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Shepherd's Needle

Scandix pecten-veneris

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Plant Profile

Flowering Months:
Apiaceae (Carrot)
Life Cycle:
Maximum Size:
40 centimetres tall
Fields, gardens, sea cliffs, seaside, wasteland.

White, 5 petals
The umbel's of Shepherd's Needle 7 to 9cm across. Only a few umbels are present on each plant (1 to 3). The upper bracts are deeply toothed and there are no lower bracts at all. Pollinated by insects.
Easy to identify when seen in fruit as this plant has long, needle-like fruit. The fruits measures between 3 and 7cm in length.
An almost hairless annual flower with fresh green, 2 to 3-pinnate leaves. The leaflets are finely divided. Grows on neutral and alkali soils in sunny places.
Other Names:
Stork's Needle, Venus' Comb.
Frequency (UK):

Other Information


Scandix pecten-veneris, also known as shepherd's needle or Venus' comb, is a herbaceous perennial plant in the Apiaceae family. It is native to Europe and Asia and typically grows to be about 40 centimeters tall. The plant is known for its delicate, fern-like leaves and small white flowers that bloom in the spring and early summer. It is often used in traditional medicine and as an ornamental plant in gardens.


Shepherd's Needle, also known as Scandix pecten-veneris, is a wildflower that belongs to the Apiaceae family. It is a delicate, white-flowered plant that grows in sandy soils and meadows in many parts of Europe, including the Mediterranean region. In this blog, we will explore the characteristics and properties of Shepherd's Needle and its significance in the natural world.

Physical characteristics

Shepherd's Needle is a small annual plant that grows up to 40 centimeters in height. Its stem is slender, straight, and branched, and its leaves are divided into fine segments. The plant's white flowers are small and delicate, growing in clusters on short stalks. The flowers are followed by round, flattened fruits, each containing a single seed.

Habitat and distribution

Shepherd's Needle prefers sandy soils and can be found in a wide range of habitats, including meadows, roadsides, fields, and waste ground. It is a common sight in many parts of Europe, including the Mediterranean region, the British Isles, and Central Europe. It is also found in some parts of Asia and North Africa.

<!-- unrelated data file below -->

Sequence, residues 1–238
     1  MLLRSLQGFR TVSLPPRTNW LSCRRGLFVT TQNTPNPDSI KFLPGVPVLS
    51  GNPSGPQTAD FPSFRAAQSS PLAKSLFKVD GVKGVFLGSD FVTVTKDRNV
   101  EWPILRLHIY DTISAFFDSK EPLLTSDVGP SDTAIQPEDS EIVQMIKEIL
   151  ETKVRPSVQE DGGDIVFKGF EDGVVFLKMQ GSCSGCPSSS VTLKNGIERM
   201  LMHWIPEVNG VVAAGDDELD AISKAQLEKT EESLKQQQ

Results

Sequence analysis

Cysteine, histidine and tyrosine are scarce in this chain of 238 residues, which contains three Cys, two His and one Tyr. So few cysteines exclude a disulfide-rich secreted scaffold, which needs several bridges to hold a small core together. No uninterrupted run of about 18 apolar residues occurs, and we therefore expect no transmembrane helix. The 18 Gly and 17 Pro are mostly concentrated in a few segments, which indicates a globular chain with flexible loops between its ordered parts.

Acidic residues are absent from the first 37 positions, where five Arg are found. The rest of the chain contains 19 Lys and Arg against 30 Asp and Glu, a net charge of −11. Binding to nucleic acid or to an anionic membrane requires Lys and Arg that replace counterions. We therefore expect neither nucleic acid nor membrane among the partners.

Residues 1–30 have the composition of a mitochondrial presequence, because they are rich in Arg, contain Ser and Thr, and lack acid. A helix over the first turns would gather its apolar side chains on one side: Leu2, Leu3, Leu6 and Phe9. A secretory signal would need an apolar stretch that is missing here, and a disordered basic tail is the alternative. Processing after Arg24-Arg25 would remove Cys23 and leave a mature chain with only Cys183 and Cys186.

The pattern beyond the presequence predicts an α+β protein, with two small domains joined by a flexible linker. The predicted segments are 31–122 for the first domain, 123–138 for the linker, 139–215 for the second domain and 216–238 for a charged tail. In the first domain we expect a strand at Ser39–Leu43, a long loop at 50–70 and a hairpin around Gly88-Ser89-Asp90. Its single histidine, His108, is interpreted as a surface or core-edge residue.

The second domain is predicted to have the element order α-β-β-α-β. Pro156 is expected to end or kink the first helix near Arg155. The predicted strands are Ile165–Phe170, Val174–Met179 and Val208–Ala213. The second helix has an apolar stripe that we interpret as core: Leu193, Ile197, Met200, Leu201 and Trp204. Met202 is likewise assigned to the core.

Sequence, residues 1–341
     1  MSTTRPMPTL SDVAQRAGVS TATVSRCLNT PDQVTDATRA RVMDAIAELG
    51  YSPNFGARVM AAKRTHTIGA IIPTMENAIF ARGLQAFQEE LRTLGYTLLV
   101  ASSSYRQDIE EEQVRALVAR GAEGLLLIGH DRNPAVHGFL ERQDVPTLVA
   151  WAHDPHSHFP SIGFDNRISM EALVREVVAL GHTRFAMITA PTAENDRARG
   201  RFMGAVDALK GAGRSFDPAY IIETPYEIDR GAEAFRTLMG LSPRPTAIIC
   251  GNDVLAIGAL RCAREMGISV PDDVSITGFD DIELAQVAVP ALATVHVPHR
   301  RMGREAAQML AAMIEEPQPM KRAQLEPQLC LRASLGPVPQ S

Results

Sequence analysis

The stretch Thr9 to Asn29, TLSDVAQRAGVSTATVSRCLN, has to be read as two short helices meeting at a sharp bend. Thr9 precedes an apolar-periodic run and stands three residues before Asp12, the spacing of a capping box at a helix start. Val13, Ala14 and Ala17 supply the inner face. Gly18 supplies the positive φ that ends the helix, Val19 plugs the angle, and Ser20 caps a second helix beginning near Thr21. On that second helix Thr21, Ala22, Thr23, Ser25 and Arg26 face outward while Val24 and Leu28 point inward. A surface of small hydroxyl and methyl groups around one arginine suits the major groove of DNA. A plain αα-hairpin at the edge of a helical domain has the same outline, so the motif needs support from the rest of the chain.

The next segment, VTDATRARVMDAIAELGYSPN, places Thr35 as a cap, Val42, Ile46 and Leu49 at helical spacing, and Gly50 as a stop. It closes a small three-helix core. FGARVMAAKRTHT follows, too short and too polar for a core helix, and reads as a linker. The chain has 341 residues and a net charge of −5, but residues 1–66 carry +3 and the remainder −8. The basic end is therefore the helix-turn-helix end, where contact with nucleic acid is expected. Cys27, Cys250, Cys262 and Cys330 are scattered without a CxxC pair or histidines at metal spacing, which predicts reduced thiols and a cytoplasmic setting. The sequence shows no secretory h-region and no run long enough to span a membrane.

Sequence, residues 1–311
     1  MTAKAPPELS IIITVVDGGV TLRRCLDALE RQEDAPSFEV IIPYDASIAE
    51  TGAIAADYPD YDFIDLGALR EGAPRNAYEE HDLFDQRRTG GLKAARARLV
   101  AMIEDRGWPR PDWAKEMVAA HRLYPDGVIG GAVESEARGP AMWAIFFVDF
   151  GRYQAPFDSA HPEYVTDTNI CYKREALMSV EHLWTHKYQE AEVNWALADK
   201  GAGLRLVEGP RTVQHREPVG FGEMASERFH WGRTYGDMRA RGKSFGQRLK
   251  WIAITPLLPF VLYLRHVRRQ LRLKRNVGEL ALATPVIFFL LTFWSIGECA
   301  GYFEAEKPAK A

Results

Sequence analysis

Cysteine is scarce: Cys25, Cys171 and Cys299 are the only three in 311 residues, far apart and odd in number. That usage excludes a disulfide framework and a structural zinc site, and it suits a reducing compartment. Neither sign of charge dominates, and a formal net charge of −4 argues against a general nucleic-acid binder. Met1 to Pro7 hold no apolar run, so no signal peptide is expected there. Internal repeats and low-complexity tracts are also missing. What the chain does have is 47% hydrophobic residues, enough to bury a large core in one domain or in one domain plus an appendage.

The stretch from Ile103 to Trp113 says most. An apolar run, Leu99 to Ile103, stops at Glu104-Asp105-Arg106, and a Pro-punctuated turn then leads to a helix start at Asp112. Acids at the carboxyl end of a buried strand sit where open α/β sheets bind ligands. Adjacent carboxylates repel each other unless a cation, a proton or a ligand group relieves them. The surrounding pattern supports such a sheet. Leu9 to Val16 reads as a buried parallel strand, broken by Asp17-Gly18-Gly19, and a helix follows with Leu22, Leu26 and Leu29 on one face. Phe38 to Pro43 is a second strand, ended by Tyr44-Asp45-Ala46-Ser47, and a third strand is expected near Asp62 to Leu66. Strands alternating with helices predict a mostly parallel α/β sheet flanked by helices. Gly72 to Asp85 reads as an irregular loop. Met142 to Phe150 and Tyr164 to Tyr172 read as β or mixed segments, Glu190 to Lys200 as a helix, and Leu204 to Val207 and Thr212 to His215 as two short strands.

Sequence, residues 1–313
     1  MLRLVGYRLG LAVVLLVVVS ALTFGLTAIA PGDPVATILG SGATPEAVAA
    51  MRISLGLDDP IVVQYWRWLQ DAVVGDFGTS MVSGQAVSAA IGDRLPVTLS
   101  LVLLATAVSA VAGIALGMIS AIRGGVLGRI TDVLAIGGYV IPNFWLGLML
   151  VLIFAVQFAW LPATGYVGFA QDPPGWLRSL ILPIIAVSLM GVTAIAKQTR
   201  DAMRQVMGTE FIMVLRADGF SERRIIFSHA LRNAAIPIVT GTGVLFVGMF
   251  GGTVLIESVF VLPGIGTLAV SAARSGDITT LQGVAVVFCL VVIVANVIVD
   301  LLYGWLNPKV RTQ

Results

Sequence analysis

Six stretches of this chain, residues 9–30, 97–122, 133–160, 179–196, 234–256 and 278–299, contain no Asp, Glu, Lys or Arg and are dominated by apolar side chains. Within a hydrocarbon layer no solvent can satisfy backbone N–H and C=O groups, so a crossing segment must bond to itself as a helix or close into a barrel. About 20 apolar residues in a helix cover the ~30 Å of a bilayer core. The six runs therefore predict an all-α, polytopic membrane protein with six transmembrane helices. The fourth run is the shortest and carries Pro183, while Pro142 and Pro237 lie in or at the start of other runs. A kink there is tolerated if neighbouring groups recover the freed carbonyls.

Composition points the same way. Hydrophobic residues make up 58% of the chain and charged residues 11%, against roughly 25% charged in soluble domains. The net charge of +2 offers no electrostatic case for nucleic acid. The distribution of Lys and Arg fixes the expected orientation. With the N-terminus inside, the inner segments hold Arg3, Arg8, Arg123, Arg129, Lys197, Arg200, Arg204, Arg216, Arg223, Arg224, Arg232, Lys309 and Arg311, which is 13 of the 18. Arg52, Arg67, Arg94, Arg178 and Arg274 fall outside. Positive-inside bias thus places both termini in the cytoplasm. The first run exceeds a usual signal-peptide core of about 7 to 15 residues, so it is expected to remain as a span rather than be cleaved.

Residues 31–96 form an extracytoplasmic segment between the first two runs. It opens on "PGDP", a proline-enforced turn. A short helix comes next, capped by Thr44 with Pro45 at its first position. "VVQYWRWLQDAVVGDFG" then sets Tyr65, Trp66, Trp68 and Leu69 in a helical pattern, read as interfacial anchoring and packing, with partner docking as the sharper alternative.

Significance in the natural world

Shepherd's Needle is an important plant for pollinators, especially bees and butterflies. Its white flowers provide a valuable source of nectar, and its leaves and stems are an important food source for the larvae of some moth species. The plant's seeds are also a food source for birds and small mammals.

In addition to its ecological importance, Shepherd's Needle has been used for medicinal purposes for many centuries. It was traditionally used as a diuretic and to treat digestive disorders, and it was also thought to have mild sedative properties. However, it should be noted that the plant is toxic in large quantities and should not be consumed without proper medical guidance.

Cultural significance

Shepherd's Needle has been mentioned in literature and folklore throughout history. In Greek mythology, it was associated with the goddess Venus and was thought to have medicinal properties. In medieval Europe, the plant was believed to ward off evil spirits and was used in various protective rituals. Today, it is often included in wildflower gardens and is appreciated for its delicate beauty.

Shepherd's Needle, with its delicate white flowers and slender stems, is a plant that has captured the imagination of people throughout history. Its importance as a food source for wildlife and a valuable source of nectar for pollinators highlights its ecological significance, while its cultural significance underscores the deep connection that humans have with the natural world. As we continue to learn more about the value of our natural environment, Shepherd's Needle remains an important reminder of the interconnectedness of all living things.

More Information

Shepherd's Needle has also been used for various purposes throughout history. The plant was traditionally used as a dye, with the seeds producing a red color and the roots producing a yellow color. In some cultures, the plant was also used as a flavoring agent for soups and stews.

In addition to its cultural and medicinal uses, Shepherd's Needle has also been studied for its potential as a source of bioactive compounds. Recent research has identified several bioactive compounds in the plant, including flavonoids, phenolic acids, and terpenoids. These compounds have been shown to have various health benefits, including antioxidant, anti-inflammatory, and anti-cancer properties.

Despite its potential health benefits, Shepherd's Needle is not commonly used in modern medicine. This may be due to the plant's toxicity in large quantities, as well as the fact that there are more effective and reliable sources of many of the bioactive compounds found in the plant.

In conclusion, Shepherd's Needle is a fascinating plant with a rich history and a diverse range of uses. Its delicate beauty, ecological significance, and cultural importance make it a valuable part of the natural world. While its medicinal properties and potential as a source of bioactive compounds are still being studied, Shepherd's Needle remains an important reminder of the beauty and complexity of the natural world, and the many ways in which humans have interacted with it over the course of history.

Distribution Map

Reproduced by kind permission of the BSBI.

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